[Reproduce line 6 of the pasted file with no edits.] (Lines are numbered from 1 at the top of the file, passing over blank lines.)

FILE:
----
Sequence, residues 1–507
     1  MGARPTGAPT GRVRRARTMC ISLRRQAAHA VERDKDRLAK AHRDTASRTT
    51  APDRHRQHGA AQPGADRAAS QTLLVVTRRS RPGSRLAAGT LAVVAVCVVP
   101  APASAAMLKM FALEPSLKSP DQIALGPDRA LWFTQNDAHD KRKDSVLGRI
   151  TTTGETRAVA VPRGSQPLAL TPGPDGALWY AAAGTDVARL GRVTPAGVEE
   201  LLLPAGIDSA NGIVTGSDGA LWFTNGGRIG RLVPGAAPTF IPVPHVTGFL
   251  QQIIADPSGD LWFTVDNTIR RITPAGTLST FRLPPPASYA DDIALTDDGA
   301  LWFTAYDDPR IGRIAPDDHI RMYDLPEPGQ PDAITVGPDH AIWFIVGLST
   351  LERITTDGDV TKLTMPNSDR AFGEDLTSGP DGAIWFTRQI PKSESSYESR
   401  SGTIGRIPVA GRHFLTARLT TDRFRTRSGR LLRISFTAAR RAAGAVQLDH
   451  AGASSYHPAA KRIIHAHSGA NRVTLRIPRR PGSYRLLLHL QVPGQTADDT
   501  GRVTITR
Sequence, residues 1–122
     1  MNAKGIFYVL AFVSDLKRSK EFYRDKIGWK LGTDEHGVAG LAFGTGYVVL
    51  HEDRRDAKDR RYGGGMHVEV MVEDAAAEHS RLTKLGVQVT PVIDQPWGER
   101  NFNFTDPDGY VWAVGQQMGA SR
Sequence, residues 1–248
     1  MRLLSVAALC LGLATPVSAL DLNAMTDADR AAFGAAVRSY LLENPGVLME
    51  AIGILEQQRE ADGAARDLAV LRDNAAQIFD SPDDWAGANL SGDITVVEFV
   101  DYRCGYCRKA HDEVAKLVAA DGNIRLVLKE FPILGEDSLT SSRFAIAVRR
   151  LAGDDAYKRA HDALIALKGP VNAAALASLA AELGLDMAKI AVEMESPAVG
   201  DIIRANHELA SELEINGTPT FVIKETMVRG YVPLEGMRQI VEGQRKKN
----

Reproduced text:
   201  LLLPAGIDSA NGIVTGSDGA LWFTNGGRIG RLVPGAAPTF IPVPHVTGFL